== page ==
Over the years I have heard from many SCAdians that they just do not have the skills or patience to sit down and write a research paper and, by extension, write documentation for an A&S project. There appears to be an unfounded fear that documentation, or a research paper, has to be 100 pages long and ready to be published in a peer-reviewed journal. This is not the case. No one in the SCA expects every person in the SCA to spend a year or more writing a paper. But this fear does keep many people from even trying their hand at doing some research and some writing. Huge research papers are nice, but they are not for everyone. Also, large papers are too long to be published in local newsletters, and newsletters are always looking for articles for publication.
My recommendation? Micro-research. Small papers about limited topics.
Writing about the entirety of the Battle of Agincourt would be a monumental task. Writing a half a page describing the pay scales Henry used for his army would be a far more manageable task for a novice writer, and would be a nice glimpse into a very complicated subject. Foot soldiers were paid 3 pennies a day but archers were paid 6 pennies a day. What were the requirements of getting archer pay? Henry had a legal contract describing how ransom would be split; one could certainly write a half a page describing that.
There are a whole host of topics for micro-research; everything from your experience in cooking a single recipe, to the different weights and measures used in the SCA time period, to a bird’s eye view of a battle, to an introduction to a person from history. Researching a limited topic, and writing a page or two about it, should be within the reach of most people. All information is useful and, again, every newsletter would welcome content for publication.
There are some things to keep in mind.
1) Write your paper in your words, even if you are getting your information from a single source. If you are making a thing from a recipe from Medieval Cookery, which provides translations and redactions, write how you made it: what steps you took and why you made any changes. This is your project, please write your thoughts in your own words.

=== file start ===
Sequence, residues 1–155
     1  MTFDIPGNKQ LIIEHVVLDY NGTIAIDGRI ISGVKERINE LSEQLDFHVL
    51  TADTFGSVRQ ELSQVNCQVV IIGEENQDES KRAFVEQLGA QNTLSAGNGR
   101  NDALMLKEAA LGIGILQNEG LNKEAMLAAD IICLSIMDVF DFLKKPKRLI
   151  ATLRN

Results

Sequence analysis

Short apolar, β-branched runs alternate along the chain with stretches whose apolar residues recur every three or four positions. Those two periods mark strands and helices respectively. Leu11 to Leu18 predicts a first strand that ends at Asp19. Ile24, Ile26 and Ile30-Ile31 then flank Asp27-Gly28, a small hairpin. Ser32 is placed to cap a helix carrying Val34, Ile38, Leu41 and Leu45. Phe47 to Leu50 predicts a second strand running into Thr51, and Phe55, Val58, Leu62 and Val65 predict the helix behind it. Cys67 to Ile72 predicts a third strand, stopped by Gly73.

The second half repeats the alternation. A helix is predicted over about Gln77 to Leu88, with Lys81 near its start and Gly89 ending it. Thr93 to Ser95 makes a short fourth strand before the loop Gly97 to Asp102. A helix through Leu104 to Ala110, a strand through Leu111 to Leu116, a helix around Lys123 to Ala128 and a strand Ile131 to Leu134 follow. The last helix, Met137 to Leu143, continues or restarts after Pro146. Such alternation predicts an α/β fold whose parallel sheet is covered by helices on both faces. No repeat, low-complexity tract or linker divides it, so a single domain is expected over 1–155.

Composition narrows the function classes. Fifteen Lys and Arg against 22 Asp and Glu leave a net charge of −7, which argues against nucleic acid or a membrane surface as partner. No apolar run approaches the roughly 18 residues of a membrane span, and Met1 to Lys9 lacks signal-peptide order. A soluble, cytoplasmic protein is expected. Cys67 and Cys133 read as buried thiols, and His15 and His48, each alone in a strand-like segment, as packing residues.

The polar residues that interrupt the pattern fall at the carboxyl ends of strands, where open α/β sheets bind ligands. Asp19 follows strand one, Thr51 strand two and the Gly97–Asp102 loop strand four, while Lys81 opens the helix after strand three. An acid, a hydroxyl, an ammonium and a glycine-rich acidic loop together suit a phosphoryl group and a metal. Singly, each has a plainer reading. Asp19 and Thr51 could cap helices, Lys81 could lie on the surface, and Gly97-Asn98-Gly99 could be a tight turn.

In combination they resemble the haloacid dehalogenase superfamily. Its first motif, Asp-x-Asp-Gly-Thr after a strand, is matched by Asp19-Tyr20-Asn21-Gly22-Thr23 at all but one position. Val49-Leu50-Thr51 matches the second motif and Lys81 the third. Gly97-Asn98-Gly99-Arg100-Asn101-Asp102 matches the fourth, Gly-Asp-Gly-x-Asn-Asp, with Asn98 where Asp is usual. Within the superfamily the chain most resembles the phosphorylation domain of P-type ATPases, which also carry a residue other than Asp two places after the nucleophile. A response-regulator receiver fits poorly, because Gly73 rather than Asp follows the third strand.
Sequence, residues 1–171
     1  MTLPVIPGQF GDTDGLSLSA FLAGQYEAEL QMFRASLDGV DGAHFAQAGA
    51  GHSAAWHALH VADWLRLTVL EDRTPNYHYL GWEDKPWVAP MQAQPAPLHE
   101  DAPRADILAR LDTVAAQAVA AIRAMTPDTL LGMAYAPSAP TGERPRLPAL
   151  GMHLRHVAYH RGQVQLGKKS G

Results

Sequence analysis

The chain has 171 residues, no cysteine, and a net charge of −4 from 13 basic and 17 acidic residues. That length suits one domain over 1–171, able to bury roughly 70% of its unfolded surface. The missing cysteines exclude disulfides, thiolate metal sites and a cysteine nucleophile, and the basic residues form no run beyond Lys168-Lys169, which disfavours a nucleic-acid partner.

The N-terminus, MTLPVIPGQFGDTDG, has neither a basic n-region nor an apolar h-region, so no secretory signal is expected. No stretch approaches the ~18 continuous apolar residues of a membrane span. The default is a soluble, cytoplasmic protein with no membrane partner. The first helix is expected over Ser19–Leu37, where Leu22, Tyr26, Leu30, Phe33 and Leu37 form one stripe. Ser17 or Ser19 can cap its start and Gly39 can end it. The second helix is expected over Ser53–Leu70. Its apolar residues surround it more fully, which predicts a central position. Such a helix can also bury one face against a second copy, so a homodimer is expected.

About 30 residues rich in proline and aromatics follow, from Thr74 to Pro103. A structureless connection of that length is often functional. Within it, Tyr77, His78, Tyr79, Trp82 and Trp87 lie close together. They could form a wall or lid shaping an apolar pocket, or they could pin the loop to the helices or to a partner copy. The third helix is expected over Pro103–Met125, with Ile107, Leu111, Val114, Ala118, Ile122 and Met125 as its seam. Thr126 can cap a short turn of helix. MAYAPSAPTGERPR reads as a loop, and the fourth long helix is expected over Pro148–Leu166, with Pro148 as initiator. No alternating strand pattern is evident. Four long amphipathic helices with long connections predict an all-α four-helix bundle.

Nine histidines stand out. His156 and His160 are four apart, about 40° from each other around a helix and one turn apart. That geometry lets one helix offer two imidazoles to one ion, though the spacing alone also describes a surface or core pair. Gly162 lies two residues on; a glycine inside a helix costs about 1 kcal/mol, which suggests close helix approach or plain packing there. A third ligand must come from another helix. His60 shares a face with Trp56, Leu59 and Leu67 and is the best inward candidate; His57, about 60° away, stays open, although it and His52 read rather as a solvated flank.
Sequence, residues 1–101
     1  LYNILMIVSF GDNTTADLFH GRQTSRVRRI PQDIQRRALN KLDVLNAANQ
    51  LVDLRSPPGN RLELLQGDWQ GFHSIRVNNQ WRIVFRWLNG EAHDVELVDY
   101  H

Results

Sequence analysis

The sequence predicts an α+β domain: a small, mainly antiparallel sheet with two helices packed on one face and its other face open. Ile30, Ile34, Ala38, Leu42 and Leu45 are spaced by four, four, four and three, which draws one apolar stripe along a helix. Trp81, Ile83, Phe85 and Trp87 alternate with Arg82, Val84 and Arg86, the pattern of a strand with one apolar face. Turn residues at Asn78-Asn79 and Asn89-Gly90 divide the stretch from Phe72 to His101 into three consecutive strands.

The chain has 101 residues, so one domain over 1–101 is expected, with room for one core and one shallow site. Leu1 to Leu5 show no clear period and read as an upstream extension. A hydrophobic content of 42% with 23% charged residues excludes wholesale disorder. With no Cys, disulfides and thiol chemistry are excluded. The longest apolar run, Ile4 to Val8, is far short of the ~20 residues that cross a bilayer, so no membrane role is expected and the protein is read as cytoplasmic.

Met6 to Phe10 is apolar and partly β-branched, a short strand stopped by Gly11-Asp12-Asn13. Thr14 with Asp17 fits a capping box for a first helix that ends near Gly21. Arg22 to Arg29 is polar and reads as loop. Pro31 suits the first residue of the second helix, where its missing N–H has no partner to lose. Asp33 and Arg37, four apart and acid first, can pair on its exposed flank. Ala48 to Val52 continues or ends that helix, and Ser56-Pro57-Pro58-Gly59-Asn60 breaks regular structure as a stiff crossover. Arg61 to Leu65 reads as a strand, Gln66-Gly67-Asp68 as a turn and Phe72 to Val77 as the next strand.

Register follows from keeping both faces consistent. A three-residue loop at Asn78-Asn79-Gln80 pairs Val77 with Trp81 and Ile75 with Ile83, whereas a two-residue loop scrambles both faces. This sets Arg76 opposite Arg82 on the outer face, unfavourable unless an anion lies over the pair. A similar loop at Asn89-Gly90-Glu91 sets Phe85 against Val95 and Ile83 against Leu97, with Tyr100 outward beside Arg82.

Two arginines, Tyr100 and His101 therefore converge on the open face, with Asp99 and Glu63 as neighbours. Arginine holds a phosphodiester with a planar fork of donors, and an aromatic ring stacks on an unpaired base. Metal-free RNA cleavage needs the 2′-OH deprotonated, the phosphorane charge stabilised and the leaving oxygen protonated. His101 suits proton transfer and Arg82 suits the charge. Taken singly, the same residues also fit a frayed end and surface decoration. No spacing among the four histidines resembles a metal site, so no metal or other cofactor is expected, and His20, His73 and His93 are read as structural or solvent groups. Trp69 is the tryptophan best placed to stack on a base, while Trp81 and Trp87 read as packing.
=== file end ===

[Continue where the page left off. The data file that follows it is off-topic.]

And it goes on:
2) While half a page describing Henry VIII’s bowling alley doesn’t require the research standards of a PhD thesis, it should be well-written and include your sources. Please feel free to pester a friendly Fleur or a lovable Laurel for editing and proofreading.
3) You do not have to be the first SCAdian to write about your topic. Do not think that just because Mistress So-and-So wrote a paper on medieval gift wrapping 30 years ago that you can’t add something new. Make sure that you give credit where credit is due.
4) Above all else, the SCA is an educational organization. The fighting, fencing, archery, courts, awards, and pageantry are the showy side of the SCA, but all of it is hollow without the arts and sciences that have been part of the Dream since the beginning. We need to do research and share what we find with others, even if it is just your interpretation of a 1,000 year old joke.
Another thing to consider: micro-research can inspire you, or others, to do a deeper dive into the subject. You might write a page describing Leonardo da Vinci’s sketch of a water-powered automatic saw. This might inspire you to do more research, which might lead you to discover that Leonardo most likely copied the design from the sketchbook of Villard de Honnecourt, who drew it about a century before Leonardo was born. Then you might want to build a scale model of his hydraulic saw. Or, you might be drawn into the exciting world of how artists shared their sketchbooks with one another. Or it might lead you to other water-powered machinery. Writing about small subjects can send you down so many rabbit holes as you do your research.